Space Tours From Florida In 2006?
Aera Corp. Heats Up Race For Space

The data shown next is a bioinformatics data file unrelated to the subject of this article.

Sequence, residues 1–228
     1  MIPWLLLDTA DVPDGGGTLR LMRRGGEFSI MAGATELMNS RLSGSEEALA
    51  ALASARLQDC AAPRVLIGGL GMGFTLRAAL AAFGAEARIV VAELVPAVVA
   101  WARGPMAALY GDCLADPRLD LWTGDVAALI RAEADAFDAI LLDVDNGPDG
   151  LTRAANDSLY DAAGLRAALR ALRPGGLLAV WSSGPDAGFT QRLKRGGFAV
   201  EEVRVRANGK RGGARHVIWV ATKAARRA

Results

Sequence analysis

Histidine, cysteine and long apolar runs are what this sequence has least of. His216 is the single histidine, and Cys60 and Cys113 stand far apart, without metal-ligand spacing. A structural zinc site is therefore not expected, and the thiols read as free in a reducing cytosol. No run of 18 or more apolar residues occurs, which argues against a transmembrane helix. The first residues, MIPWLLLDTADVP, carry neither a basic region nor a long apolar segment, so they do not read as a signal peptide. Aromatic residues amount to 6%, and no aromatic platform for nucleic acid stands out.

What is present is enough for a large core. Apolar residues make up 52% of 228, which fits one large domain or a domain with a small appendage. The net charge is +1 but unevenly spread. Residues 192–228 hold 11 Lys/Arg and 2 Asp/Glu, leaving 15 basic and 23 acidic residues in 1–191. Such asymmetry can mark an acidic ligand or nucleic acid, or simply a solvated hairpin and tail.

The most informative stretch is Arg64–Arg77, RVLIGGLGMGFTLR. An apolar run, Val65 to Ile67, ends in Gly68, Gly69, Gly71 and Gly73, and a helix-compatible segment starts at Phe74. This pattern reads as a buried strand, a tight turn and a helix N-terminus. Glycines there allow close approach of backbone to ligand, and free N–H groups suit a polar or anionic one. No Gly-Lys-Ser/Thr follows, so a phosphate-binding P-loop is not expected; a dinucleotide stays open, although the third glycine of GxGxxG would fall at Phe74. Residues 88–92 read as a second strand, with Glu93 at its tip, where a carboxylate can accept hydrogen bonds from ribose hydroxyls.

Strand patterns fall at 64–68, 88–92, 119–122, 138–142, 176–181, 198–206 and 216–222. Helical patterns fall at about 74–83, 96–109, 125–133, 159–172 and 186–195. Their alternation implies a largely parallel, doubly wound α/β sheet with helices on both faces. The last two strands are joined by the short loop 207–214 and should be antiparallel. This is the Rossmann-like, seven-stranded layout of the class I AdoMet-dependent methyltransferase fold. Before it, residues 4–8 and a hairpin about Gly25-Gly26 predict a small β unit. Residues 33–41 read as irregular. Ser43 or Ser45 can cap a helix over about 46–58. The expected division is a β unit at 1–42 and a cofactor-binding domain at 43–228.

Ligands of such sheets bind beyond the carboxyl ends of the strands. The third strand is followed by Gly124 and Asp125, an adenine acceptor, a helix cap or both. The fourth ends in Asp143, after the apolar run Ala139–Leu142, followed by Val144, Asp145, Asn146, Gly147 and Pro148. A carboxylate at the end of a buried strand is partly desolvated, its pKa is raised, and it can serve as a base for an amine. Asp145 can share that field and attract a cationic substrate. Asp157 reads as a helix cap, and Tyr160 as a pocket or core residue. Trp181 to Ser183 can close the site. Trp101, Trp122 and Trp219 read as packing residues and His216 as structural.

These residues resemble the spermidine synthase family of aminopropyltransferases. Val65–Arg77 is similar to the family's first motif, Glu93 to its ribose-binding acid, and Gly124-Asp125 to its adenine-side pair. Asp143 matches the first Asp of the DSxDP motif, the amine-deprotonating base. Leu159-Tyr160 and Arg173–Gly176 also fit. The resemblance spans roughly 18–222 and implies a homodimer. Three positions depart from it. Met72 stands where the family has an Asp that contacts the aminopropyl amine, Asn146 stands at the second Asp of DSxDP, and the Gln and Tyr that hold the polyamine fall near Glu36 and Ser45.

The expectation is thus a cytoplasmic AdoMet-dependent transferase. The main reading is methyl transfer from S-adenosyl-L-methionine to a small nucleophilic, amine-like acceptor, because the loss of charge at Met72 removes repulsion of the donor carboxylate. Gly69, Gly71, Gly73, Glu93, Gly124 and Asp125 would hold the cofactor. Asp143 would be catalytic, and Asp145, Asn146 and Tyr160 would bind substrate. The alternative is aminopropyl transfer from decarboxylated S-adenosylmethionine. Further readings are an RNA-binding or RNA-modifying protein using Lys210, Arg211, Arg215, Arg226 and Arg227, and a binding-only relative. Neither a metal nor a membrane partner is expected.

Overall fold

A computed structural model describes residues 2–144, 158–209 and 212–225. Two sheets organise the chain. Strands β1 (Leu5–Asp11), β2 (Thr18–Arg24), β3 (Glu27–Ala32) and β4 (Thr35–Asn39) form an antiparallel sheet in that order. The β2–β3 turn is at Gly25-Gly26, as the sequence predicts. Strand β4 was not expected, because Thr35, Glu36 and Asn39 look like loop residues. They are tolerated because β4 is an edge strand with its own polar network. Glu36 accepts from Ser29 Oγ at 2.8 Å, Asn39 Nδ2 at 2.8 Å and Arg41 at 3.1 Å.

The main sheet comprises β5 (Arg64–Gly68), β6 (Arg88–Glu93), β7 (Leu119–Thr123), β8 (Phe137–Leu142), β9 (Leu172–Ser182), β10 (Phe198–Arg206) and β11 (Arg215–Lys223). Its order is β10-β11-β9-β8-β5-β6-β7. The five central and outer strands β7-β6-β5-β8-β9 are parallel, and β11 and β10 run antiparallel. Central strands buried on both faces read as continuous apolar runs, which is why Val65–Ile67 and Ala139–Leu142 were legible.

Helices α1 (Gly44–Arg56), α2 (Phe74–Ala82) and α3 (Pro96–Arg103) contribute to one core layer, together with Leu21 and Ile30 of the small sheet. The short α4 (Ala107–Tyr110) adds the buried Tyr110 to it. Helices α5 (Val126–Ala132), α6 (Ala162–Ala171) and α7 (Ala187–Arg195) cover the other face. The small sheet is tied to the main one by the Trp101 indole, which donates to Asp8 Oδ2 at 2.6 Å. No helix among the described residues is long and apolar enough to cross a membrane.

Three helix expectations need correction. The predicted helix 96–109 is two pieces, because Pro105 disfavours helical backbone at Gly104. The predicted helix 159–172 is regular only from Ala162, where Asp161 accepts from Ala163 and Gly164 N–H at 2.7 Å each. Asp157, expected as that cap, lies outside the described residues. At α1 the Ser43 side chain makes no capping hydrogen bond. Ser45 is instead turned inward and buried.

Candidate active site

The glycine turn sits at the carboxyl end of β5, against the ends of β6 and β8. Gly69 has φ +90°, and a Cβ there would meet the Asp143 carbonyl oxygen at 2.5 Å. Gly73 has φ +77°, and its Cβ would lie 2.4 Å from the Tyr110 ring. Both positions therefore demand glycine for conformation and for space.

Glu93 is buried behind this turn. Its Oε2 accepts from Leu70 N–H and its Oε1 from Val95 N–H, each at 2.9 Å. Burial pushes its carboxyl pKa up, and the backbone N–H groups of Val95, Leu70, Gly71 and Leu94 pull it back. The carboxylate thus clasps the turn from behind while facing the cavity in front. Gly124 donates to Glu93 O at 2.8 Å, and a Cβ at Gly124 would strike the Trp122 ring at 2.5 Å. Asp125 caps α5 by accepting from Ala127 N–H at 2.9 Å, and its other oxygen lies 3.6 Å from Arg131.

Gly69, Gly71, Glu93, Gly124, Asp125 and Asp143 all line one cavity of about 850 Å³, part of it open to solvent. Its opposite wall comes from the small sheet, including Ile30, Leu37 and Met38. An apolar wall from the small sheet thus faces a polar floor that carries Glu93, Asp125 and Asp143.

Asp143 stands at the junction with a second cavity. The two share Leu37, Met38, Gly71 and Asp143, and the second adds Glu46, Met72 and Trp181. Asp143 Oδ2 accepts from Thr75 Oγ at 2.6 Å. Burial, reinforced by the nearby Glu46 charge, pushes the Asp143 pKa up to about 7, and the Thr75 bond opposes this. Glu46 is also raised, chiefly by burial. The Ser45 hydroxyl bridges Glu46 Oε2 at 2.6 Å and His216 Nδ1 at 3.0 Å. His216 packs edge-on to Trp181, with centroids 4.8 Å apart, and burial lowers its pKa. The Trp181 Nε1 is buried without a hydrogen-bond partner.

Aera Corp., of Temeculah, Calif., announced on Monday that it has signed a "Commercial Space Operations Support Agreement" with the U.S. Air Force that will allow it to launch its seven-seat rocket-powered spacecraft from a launch pad and land it horizontally on a runway, both at Cape Canaveral. Aera said it will unveil its spaceship, Altairis, this spring at the Planetarium in New York City, in an event the company is calling "The Altairis Adventure Rollout," and will be flying paying passengers into space by the end of next year. Virgin Galactic, which is building a fleet of spacecraft based on Burt Rutan's SpaceShipOne, has said it expects to be flying in 2007. Altairis will take six passengers and one "mission commander" on a 40-minute suborbital ride flown entirely by computer, the company says. Aera's five-year agreement establishes the ground rules for Aera's access to launch facilities and launch-support services at Cape Canaveral Air Force Station.